**Computation of the gradient**\(\nabla \Omega _{x,M}(h)\). Note thatIn this formula, only the computation of the third derivative may be dangerous. However, this difficulty can be resolved using the technique of automatic differentiation (see, for example, [19]). Indeed, assume we have a sequence of operations for computing the function value$$\begin{aligned} \begin{array}{rcl} \nabla \Omega _{x,M}(h)= & {} \nabla f(x) + \nabla ^2 f(x) h + {1 \over 2}D^3f(x) [h]^2. \end{array} \end{aligned}$$*f*(*x*) with computational complexity*T*. Let us fix a direction \(h \in \mathbb {E}\). Then by forward differentiation, we can generate automatically a sequence of operations for computing the valuewith computational complexity$$\begin{aligned} \begin{array}{rcl} g_h(x)= & {} \langle \nabla ^2 f(x) h, h \rangle \end{array} \end{aligned}$$*O*(*T*). Now, by backward differentiation in*x*, we can compute the gradient of this function:with computational complexity$$\begin{aligned} \begin{array}{rcl} \nabla g(x)= & {} D^3f(x)[h,h] \end{array} \end{aligned}$$*O*(*T*). Thus, the oracle complexity of method (5.8) is proportional to the complexity of computing the function value*f*(*x*). Another example of simple computation of the third derivative is provided by a separable objective function. Assume that \(\mathbb {E}= {\mathbb {R}}^n\) andwhere \(a_i \in {\mathbb {R}}^n\) and univariate functions \(f_i(\cdot )\) are three times continuously differentiable, \(i = 1, \dots , N\). Then vector \(D^3 f[h]^2\) has the following representation:$$\begin{aligned} \begin{array}{rcl} f(x)= & {} \sum \limits _{i=1}^N f_i(b_i - \langle a_i, x \rangle ), \end{array} \end{aligned}$$Thus, for solving the problem (5.4), we need to compute in advance all values$$\begin{aligned} \begin{array}{rcl} D^3 f(x)[h]^2= & {} - \sum \limits _{i=1}^N a_i \, f'''_i(b_i - \langle a_i, x \rangle ) \langle a_i, h \rangle ^2. \end{array} \end{aligned}$$(this needs$$\begin{aligned} \begin{array}{c} f'''_i(b_i - \langle a_i, x \rangle ), \quad i = 1, \dots , N \end{array} \end{aligned}$$*O*(*nN*) operations). After that, each computation of vector \(D^3 f(x)[h]^2 \in {\mathbb {R}}^n\) also needs*O*(*nN*) operations. This computation will be cheaper for the sparse data. - 2.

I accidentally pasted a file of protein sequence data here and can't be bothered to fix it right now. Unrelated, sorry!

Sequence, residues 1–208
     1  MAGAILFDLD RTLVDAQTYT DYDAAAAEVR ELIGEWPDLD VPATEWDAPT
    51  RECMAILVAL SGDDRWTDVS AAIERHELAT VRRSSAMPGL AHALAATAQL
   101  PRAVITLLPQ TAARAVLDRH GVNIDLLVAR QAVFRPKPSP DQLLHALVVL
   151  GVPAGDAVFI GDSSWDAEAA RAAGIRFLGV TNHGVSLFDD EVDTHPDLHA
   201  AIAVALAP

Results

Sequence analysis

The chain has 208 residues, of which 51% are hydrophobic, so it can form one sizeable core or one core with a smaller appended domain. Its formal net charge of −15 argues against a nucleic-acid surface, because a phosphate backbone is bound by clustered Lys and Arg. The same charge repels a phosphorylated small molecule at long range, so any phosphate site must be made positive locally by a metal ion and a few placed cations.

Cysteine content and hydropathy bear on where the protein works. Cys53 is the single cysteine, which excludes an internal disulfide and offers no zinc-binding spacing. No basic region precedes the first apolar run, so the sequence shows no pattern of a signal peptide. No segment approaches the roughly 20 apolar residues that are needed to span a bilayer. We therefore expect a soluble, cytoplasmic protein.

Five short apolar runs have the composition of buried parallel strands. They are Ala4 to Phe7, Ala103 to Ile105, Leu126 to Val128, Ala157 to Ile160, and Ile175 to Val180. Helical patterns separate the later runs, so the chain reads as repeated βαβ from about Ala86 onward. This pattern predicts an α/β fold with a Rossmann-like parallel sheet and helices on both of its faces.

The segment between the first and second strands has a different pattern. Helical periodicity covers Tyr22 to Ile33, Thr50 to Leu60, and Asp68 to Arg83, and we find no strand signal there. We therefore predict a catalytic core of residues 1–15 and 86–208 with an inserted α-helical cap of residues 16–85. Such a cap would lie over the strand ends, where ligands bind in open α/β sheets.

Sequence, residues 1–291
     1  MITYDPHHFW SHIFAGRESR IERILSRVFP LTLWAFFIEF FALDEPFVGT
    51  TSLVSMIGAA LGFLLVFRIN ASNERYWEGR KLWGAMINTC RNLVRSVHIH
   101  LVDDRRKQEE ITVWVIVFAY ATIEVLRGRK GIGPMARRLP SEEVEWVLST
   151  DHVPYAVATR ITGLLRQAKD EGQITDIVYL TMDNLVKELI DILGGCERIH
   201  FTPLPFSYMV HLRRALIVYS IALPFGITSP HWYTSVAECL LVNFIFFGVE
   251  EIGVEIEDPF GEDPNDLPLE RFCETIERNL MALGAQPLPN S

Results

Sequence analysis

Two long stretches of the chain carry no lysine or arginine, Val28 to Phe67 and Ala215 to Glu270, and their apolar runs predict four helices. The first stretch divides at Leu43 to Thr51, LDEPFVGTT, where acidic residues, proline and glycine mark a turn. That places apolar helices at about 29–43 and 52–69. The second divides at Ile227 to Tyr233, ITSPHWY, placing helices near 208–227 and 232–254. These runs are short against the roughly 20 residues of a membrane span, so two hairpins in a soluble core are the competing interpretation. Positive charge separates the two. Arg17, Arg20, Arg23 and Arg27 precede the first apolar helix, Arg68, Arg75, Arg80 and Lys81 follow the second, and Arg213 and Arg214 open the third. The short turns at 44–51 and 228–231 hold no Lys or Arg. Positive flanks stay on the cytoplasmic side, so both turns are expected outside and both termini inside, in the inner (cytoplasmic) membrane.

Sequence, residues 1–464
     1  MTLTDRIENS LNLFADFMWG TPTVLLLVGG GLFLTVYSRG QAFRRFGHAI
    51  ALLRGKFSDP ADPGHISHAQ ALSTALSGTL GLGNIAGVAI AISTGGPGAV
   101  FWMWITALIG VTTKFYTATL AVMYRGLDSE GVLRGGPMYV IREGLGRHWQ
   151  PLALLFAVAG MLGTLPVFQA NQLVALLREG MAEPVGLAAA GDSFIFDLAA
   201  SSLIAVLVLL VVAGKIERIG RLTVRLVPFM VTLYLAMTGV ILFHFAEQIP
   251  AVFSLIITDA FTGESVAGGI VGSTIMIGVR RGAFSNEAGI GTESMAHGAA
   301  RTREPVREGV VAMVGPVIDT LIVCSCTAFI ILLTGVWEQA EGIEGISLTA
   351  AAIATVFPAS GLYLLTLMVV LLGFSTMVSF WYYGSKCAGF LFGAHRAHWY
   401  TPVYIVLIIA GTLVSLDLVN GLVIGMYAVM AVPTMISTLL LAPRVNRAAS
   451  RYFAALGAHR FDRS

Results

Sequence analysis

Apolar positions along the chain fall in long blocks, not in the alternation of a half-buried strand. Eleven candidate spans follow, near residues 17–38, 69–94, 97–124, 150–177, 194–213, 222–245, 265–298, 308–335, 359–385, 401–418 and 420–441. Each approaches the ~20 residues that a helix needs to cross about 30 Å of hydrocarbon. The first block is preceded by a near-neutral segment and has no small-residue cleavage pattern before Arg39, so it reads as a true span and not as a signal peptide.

**Solution of the auxiliary problem**At all iterations of method (5.8), we need to solve an auxiliary problem in the following form:where \(A \succeq 0\) and \(\gamma > 0\). Note that at all these iterations only the vector$$\begin{aligned} \begin{array}{rcl} \min \limits _{h \in \mathbb {E}} \left\{ \langle c, h \rangle + {1 \over 2}\langle A h, h \rangle + {\gamma \over 4} \Vert h \Vert ^4 \right\} , \end{array} \end{aligned}$$(5.10)*c*and coefficients \(\gamma \) are changing, and matrix \(A = \nabla ^2 f(x)\) remains the same. Therefore, before the algorithm (5.8) starts working, it is reasonable to transform this matrix in a tri-diagonal form:where \(U \in {\mathbb {R}}^{n \times n}\) is an orthogonal matrix: \(UU^T = I\), and \(T \in {\mathbb {R}}^{n \times n}\) is tri-diagonal.$$\begin{aligned} \begin{array}{rcl} A= & {} U T U^T, \end{array} \end{aligned}$$